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Tastemakers

Jason Carlow

Jason Carlow is the founder and director of Hong Kong based C;A+D Carlow Architecture and Design. He is currently creating a stir at the Venice Biennale (August 29th – November 21st) where he is showcasing his plans for a residential skyscraper façade. Previous projects have seen him exhibiting at HK/Shenzhen Expo and renovating a designer pad in mid-levels, Hong Kong.

‘I’ve always been passionate about making things. My Dad was a woodworker and a teacher so I spent my childhood helping him out. I was always going to be a designer of some sort.

‘Alongside architecture, I teach at HK university. I get a kick out of doing both things at once. In HK students don’t tend to work with their hands – there is a kind of snobbery about manual work. I enjoy making that a part of the learning experience, it’s the best way to learn.

‘I find Hong Kong unique in that it is a hugely inspirational city made up of largely uninspiring buildings. The treats are to be found in between the buildings, down the tiny cramped alleyways and in the city’s buzzing atmosphere.

‘I think Shanghai is one of the most exciting cities architecturally. There’s so much history there, so many art deco buildings. My favourite is the 1933 – an old slaughterhouse that’s been converted from an abbatoir into an arts hub.

‘I would love the chance to design more projects on a larger scale; such as towers or civic buildings like schools or museums.  I’m also working on a plan to design and produce a line of ecologically sustainable furniture.

‘My ideal home is relatively simple. It’s minimal, but comfortable. It’s open, with spaces that flow into one another. I enjoy life when living, cooking, eating and entertaining can happen in the same space.

C:A+D      Carlow Architecture and Design
6 Wilmer Street, Sheung Wan, Hong Kong
HK: +852-6690-4595 USA: +347-284-6644

www.carlow-ad.com

Douglas Young

The life and times of the quirky founder of Hong Kong lifestyle brand GOD.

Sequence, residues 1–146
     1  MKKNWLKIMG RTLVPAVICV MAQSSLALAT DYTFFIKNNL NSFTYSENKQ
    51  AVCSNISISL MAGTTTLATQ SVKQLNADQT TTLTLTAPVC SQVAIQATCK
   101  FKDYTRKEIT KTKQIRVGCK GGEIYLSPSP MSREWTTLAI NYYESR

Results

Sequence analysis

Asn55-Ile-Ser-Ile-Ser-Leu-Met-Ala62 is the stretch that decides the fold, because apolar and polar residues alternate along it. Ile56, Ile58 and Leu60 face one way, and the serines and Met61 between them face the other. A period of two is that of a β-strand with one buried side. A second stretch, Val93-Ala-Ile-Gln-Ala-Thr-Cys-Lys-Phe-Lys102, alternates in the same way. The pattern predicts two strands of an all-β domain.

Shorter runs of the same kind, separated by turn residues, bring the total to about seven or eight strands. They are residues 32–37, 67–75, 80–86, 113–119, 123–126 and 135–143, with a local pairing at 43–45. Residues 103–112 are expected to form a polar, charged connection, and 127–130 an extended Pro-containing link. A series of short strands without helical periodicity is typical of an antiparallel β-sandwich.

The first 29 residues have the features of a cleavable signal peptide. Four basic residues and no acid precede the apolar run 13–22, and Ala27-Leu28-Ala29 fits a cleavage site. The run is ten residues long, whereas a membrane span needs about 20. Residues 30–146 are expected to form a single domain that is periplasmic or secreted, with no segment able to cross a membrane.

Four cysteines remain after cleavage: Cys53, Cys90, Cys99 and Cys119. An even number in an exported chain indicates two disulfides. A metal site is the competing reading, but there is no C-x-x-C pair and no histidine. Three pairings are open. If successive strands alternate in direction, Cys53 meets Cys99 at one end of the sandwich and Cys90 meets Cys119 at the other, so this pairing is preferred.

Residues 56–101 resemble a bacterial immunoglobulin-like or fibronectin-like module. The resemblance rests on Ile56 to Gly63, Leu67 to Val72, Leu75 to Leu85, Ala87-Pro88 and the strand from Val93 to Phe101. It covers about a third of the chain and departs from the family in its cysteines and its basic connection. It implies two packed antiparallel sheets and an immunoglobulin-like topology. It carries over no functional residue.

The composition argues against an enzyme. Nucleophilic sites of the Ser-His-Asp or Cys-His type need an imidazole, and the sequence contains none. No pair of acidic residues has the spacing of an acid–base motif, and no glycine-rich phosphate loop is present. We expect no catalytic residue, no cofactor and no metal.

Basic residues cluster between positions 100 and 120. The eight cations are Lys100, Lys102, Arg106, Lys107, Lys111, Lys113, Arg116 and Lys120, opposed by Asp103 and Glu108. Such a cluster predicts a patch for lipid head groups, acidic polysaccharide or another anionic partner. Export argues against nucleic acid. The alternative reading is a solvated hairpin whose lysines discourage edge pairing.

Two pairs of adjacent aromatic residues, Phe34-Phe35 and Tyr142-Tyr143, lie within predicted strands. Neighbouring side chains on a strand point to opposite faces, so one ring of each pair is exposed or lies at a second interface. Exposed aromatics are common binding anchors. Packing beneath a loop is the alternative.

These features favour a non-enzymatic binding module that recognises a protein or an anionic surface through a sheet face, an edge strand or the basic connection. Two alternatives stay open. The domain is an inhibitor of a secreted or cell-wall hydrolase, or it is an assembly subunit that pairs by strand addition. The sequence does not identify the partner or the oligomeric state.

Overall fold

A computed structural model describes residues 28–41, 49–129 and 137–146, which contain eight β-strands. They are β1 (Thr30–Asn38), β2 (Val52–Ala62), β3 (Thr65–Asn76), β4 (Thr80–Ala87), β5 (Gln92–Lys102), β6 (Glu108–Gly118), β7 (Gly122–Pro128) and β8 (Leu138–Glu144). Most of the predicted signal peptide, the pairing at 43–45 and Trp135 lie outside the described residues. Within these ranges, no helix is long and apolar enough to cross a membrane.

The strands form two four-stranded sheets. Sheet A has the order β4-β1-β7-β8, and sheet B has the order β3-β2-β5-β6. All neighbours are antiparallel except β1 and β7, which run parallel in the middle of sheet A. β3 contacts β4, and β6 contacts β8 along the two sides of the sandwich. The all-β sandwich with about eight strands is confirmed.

“I’m not a morning person so I get up around 9am and then head straight to Starbucks for a double espresso.  It’s not because I go out the night before – I’ve never really been really into partying – it’s just that I find it hard to switch off when I get home… and I recently got a Kindle, which has been keeping me up at night as there’s so much to read.

Once I’ve got into our office and checked my emails, we’ll have a team brainstorming session with my in-house designers where we go around the table each presenting new designs and concepts and get feedback on current projects -everyone expresses their opinions so these session can last a while. But I’m the leader who ties everybody together. This means we have a unified concept but as I’ve become a boss, I’ve found it harder and harder to get honest feedback on my own work.

I try to make time every day to escape to my studio, close the door and work on my own designs –for me that’s what this is all about – I feel so lucky that I get such enjoyment out of making a living so it’s important to me to keep a hand in the creative side of the business as we grow.

The medium for my design is different every day, sometimes I’ll use my paintbrushes; sometimes it will be blocks of wood and other times I’ll be sat on the computer. I like to push myself to try different creative outlets. Right now I am trying my hand at writing and am attempting to write a novel- I don’t know if its any good but I’m enjoying the creative process.

New ideas tend to just come to me. The more I try to think about it, the less they come to me. It’s almost like an antenna for me – I just keep my antenna out for ideas as I walk around the city and often I’ll email myself a thought from my blackberry.  I guess you could say Hong Kong is my main source of inspiration. I could be driving through the streets and see some laundry hanging out of an elaborate building and that will give me an idea for a handbag.

When my business partner, Ben and I launched G.O.D. we always had an ambition to build a Hong Kong brand and our mission hasn’t changed as the company has grown. We have many brands that originate in Hong Kong but hardly any of them are honest about their origins or culture. I don’t understand that and I don’t think it’s ethical. Who are you trying to deceive? I think it’s the colonial mindset because as colonial subjects we were brought up to think that European or British culture is superior so conversely, our own culture was inferior or not worth keeping.

I think I’m a hybrid. I’m a local and a foreigner at the same time [Douglas was educated in the UK]. I can certainly see things from a local perspective, but I also have the freshness of a foreign pair of eyes. So I see the peculiarities that local people are probably immune to, because they’ve been numbed. At the same time, I can also understand the real meaning or significance of local indigenous culture.

When I’m not designing, I like to meet new, emerging talent – it could be a new photographer, an artist or a designer. I like the fact we can help emerging talent in Hong Kong get recognised and build their profile. I also work on a lot of collaborations that get the G.O.D brand out into the international market. I leave the office around 7pm and head out to dinner or go home to relax. I don’t usually drink during the week but every night I will have a cigar and sit down to write before I go to sleep.


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